Trigeminal neuralgia (TN) is a condition that can cause intense facial pain sometimes so severe it can interfere with the normal activities of daily living. Brief, painful episodes may be triggered by chewing, talking, smiling, brushing teeth, shaving, or light pressure on the face. The pain may be sudden, intense, and sporadic (off and on). It also may be more constant but less severe.
Usually, TN affects only one side of the face. In this case, it is said to be unilateral. If both sides of the face are affected, the condition is bilateral. The right side of the face tends to be affected slightly more often than the left side.
The trigeminal nerve is responsible for transmitting sensations of touch and pain from the face and head to the brain. The trigeminal nerve has three branches. One branch carries nerve impulses from the forehead, upper eyelids, and eyes to the brain. The second branch is responsible for sensation in the lower eyelids, cheeks, nostrils, upper lip, and upper gum. The third branch serves the lower lip, lower gum, jaws, and some muscles used for chewing.
There are two main forms of TN:
TN may be progressive, meaning that the condition worsens over time. At first, pain may be limited to the upper or lower jaw, and patients might think it is due to dental problems. The intervals between attacks may become shorter or disappear altogether, while efforts to manage pain with medication may be less effective.
Pain that accompanies TN may be so intense that it becomes debilitating. People with TN may avoid normal activities due to concerns that a painful episode will occur.
About 150,000 new cases of trigeminal neuralgia are diagnosed each year. It is more likely to occur in people over age 50, although people of any age may be affected. Typical trigeminal neuralgia is rare in people less than 40 years old. Multiple sclerosis should be considered in younger patients with TN. The incidence of trigeminal neuralgia in patients with MS is 1% to 2%.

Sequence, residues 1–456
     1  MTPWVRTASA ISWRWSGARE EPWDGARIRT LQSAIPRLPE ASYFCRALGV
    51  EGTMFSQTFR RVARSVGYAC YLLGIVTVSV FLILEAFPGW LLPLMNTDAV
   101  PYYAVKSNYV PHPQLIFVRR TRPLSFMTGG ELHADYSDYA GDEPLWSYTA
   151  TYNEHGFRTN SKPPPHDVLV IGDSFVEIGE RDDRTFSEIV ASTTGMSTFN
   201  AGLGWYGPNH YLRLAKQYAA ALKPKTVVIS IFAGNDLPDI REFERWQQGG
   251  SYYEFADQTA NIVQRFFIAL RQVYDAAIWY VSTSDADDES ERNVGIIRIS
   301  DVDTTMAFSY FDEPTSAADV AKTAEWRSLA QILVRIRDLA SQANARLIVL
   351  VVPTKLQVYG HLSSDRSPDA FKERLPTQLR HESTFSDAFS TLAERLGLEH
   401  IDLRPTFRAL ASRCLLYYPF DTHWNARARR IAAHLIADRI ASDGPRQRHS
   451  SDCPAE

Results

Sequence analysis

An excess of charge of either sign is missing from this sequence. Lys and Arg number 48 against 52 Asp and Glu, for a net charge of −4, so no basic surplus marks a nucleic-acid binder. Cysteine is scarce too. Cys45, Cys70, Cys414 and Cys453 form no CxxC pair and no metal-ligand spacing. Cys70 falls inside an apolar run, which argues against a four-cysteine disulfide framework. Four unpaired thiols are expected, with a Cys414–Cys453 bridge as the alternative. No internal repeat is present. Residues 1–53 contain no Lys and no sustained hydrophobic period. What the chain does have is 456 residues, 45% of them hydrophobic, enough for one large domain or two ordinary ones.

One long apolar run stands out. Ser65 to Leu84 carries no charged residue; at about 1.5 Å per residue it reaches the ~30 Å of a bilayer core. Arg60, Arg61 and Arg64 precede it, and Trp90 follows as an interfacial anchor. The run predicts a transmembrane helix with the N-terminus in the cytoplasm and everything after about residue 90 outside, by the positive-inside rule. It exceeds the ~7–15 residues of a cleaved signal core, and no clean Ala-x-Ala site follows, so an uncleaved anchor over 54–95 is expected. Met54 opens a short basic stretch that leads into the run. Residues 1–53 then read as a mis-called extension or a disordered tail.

There are several conditions that may result in TN, but usually it is caused by pressure on the nerve exerted by a blood vessel near the brain stem. Multiple sclerosis (MS) causes the deterioration of the nerve coating called the myelin sheath, so people with MS may also develop TN.
Less commonly, a tumor or vascular lesion may cause nerve compression. Injury to the trigeminal nerve due to oral or sinus surgery, stroke, or facial trauma are other causes of facial nerve pain that may be similar to TN type pain.
Your doctor will ask questions about your symptoms and medical history. He or she will perform a physical examination of the head and neck areas, including the ears, mouth, teeth, and temporomandibular joint (TMJ).
Other disorders may cause facial pain and mimic TN type pain so they need to be ruled out before a definite diagnosis is made. These include cluster headaches or migraines, post-herpetic neuralgia (pain following an outbreak of shingles), or TMJ disorder. Sinusitis and ear infections must also be ruled out.
A magnetic resonance imaging (MRI) scan may be performed to rule out the presence of a brain tumor, multiple sclerosis, or other causes. The scan might indicate whether a blood vessel is pressing on the nerve.
Several options can be used to treat TN. These include medications, surgery, and complementary therapies.
Patients who do not respond to drug therapy or whose condition worsens over time may be candidates for surgery. Several procedures are used to treat TN, depending on the severity of the pain, the patient’s preference, physical health, previous surgeries, and surgeries’ relative risks and benefits.
Percutaneous (through the skin) surgical techniques include
Open (invasive) surgical procedures include
Stereotactic radiosurgery includes
Other approaches that may be used in conjunction with drug therapy include:
Additional therapies that may be helpful include:
© Copyright 1995-2019 The Cleveland Clinic Foundation. All rights reserved.
This information is provided by the Cleveland Clinic and is not intended to replace the medical advice of your doctor or healthcare provider. Please consult your healthcare provider for advice about a specific medical condition. This document was last reviewed on: 03/25/2016